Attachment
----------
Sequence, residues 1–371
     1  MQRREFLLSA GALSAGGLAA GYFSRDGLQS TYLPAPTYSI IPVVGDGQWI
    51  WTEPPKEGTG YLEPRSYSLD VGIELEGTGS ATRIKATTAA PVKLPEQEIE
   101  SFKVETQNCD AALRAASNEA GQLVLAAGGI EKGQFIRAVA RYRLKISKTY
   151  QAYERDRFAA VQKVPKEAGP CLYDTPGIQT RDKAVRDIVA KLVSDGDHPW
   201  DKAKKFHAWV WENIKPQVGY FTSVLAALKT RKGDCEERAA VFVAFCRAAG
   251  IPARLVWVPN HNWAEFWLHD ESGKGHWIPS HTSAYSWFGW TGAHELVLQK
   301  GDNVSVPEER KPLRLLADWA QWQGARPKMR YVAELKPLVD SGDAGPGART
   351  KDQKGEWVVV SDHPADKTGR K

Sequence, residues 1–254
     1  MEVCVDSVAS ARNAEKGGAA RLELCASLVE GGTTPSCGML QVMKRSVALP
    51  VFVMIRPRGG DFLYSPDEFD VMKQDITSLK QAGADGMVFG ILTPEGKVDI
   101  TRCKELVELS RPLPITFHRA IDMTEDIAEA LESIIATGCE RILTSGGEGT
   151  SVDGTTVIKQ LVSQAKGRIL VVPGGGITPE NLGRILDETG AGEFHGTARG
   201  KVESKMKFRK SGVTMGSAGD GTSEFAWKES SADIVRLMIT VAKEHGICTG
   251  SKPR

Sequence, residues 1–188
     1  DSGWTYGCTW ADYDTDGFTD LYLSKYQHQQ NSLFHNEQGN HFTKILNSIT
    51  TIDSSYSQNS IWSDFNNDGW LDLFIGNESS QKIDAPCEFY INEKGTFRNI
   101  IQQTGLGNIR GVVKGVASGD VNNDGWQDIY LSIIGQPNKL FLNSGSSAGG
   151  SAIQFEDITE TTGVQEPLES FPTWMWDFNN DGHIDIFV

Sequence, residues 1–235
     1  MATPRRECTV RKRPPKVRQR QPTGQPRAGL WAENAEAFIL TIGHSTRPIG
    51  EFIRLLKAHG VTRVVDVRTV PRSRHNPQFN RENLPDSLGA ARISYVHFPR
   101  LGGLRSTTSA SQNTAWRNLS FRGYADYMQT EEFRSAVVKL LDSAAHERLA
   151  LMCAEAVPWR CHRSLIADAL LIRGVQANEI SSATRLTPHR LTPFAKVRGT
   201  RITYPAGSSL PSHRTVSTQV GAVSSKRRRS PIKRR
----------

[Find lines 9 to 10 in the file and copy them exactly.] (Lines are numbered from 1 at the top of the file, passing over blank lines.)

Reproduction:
   351  KDQKGEWVVV SDHPADKTGR K

Sequence, residues 1–254